Keeping up to date: Old news is good news

How do you manage your information?

Where does your information come from? Given today’s connectedness on a global scale, mobile, internet and other communication technology reign supreme. What is even more impressive is the speed. Have you ever timed yourself to see how fast you can send a whatsapp message?

Through such quick communication valuable information can be shared. If passing knowledge along takes place instantly then it is only logical to think that the volume of information is likely to increase…and it certainly has! Everyday many of us receive over 50 emails, send hundreds of text messages and view thousands of megabytes of content on the internet.

This leads to an immense overflow of information that comes to you. which you either filter and use or pass on to others. For many of the forward thinking youth in agriculture it becomes a burden; endlessly checking your phone or computer, tirelessly trying to stay up to date on the latests happenings and this does not count your proactive efforts to search for needed information.

How to solve this problem?

Unfortunately there is none…at least none that we all know of. Each of us has our own system, our networks and groups and we each figure out our own way to manage this information.

Even so one way to handle this situation is to focus on specific groups and online communities particularly those found on social media. Blogs such as tech4agri can definitely assist you in keeping up to date.

In your effort to stay dedicated to agriculture it is imperative that you keep up with the opportunities and new information that is out there for the taking.

Old news is still good news!

Now that we understand the ‘problem’ of the information glut, tech4agri is here to help. Here is a summary of the latest technologies in agriculture. This piece represents the future of agriculture and it is not far off. Most of these technologies may just become common items and essential ones at that, within our lifetimes. For now, prototypes and research efforts are key in ensuring the efficiency, usability and other factors that would make these technologies all powerful.

Edyn. connecting people to plants…literally!

Edyn is a modern-design solar powered garden sensor and water valve. The idea is that using Bluetooth and a house’s WiFi, the devices will feed data straight from the soil to your phone in order to monitor tomatoes, basil or whatever else is in the garden. Sensors test the soil. For the water valve, if the crops are getting a little dry, tap a few buttons on the iPhone from work and give them a drink, or the software does so automatically.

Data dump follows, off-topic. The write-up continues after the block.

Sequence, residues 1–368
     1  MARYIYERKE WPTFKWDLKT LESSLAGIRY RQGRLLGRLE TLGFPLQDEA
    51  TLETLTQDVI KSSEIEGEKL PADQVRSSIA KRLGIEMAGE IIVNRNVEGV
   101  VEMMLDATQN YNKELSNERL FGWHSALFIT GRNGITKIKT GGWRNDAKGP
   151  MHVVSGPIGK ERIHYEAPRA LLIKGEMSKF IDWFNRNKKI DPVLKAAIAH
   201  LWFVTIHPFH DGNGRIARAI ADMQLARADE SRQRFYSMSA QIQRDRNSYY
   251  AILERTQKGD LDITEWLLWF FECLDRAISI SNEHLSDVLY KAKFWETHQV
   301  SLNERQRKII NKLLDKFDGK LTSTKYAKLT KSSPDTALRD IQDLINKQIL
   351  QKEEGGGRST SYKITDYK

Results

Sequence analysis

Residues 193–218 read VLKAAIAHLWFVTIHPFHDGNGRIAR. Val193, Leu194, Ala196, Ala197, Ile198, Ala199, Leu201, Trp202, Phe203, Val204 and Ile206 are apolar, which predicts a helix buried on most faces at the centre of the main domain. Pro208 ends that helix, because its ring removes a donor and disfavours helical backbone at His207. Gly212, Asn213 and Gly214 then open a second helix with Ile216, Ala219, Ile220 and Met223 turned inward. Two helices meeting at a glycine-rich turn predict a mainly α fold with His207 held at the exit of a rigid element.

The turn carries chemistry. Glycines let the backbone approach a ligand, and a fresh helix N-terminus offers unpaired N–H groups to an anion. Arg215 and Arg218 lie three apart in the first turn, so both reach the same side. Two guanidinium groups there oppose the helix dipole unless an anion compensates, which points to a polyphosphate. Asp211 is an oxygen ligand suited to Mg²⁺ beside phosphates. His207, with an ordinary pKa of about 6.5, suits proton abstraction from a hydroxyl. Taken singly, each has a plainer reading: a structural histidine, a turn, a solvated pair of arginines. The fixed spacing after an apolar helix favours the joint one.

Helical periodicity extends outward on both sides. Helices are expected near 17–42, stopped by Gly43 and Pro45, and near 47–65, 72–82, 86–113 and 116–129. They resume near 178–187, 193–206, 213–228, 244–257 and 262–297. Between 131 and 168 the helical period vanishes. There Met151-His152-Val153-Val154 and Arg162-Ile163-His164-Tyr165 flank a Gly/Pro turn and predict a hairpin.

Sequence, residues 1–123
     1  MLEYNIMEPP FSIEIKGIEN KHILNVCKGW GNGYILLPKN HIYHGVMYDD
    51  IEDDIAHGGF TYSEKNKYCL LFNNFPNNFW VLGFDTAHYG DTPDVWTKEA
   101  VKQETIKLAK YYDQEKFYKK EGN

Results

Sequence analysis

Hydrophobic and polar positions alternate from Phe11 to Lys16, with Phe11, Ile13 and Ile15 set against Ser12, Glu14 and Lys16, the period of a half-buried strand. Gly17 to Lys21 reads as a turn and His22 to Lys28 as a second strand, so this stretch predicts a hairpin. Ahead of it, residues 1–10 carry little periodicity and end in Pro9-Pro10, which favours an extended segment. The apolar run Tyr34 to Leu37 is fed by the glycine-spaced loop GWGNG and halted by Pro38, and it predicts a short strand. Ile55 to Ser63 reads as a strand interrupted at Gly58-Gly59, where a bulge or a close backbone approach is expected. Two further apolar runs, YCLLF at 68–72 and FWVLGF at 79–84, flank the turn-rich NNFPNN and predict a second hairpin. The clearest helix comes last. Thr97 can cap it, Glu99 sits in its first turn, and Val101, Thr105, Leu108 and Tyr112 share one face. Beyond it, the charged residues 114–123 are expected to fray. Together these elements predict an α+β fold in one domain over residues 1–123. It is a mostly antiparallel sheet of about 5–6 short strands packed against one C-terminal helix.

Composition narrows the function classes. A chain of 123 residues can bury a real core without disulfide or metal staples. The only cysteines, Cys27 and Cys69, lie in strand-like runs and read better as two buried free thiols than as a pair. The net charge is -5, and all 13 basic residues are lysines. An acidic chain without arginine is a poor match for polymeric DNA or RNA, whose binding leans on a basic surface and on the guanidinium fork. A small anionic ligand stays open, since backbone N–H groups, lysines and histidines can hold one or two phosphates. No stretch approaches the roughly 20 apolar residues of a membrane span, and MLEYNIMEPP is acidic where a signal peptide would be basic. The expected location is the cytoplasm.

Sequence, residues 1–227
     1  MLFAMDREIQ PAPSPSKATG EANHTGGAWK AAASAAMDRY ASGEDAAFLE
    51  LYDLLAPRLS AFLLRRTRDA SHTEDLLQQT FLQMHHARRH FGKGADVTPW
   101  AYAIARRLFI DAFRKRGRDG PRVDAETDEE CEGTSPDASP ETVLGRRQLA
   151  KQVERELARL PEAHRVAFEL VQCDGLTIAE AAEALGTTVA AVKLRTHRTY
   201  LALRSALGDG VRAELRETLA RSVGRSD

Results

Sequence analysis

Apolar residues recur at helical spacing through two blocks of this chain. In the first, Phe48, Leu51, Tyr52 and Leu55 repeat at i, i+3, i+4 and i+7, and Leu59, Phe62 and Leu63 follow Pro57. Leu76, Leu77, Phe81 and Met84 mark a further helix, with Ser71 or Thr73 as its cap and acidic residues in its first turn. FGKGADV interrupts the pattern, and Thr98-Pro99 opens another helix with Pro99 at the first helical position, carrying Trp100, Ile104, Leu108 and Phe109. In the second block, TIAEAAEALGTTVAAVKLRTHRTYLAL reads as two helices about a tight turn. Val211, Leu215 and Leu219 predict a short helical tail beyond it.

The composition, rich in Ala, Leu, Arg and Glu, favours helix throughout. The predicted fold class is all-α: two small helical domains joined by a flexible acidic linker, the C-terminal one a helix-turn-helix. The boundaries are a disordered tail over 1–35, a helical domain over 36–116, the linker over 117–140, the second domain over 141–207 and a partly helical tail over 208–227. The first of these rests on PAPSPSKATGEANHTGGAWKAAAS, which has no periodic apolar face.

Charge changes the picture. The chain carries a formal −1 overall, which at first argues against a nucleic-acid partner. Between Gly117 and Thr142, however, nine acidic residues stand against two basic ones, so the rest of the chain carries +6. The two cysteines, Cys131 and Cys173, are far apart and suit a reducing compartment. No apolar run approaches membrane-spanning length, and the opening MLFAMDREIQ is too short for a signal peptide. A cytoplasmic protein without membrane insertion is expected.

The Edyn: Courtesy

The Edyn: Courtesy

The target demo of Edyn: Busy folks that have an interest in fresh produce but can’t always get to their garden. “A lot of people are passionate about food but simply don’t have the time,” says CEO Jason Aramburu.

Fresh space food

Astronauts longing for fresh lettuce in orbit will soon have the chance to grow it for themselves: NASA has sent a mini-farm into space. Private spaceflight company SpaceX launched its next Dragon cargo mission to the International Space Station in April. The capsule carried a small plant growth chamber built to let astronauts grow “Outredgeous” lettuce in orbit. .

With Farm Robotics, the cows decided when it’s milking time
“Something strange is happening at farms in upstate New York. The cows are milking themselves. Desperate for reliable labor and buoyed by soaring prices, dairy operations across the state are charging into a brave new world of udder care: robotic milkers, which feed and milk cow after cow without the help of a single farmhand.”

Not a Vine video but a machine

Photo Courtesy

The Vinebot. Photo Courtesy

In the spring of 2016 will be released a terrestrial robot unique in its characteristics. The Televitis group of the University of La Rioja coordinates the project VineRobot, which involves other two campuses and five European companies. It uses some of the more advanced elements of military and medical technology and promises to revolutionize the global wine industry, by allowing collect key information about the State of the vineyards.



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